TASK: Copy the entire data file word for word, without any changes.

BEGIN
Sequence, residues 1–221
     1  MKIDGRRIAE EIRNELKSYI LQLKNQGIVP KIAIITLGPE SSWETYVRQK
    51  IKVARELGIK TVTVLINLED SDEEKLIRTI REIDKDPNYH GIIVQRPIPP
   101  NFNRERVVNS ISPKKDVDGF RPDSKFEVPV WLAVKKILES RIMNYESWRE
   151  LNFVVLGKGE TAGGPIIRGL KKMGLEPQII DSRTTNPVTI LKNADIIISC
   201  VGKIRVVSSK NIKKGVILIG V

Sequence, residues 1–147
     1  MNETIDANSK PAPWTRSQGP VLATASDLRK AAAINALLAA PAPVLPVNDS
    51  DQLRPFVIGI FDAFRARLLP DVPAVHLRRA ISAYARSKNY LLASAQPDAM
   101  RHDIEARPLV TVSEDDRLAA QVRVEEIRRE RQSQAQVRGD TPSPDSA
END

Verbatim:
Sequence, residues 1–221
     1  MKIDGRRIAE EIRNELKSYI LQLKNQGIVP KIAIITLGPE SSWETYVRQK
    51  IKVARELGIK TVTVLINLED SDEEKLIRTI REIDKDPNYH GIIVQRPIPP
   101  NFNRERVVNS ISPKKDVDGF RPDSKFEVPV WLAVKKILES RIMNYESWRE
   151  LNFVVLGKGE TAGGPIIRGL KKMGLEPQII DSRTTNPVTI LKNADIIISC
   201  VGKIRVVSSK NIKKGVILIG V

Sequence, residues 1–147
     1  MNETIDANSK PAPWTRSQGP VLATASDLRK AAAINALLAA PAPVLPVNDS
    51  DQLRPFVIGI FDAFRARLLP DVPAVHLRRA ISAYARSKNY LLASAQPDAM
   101  RHDIEARPLV TVSEDDRLAA QVRVEEIRRE RQSQAQVRGD TPSPDSA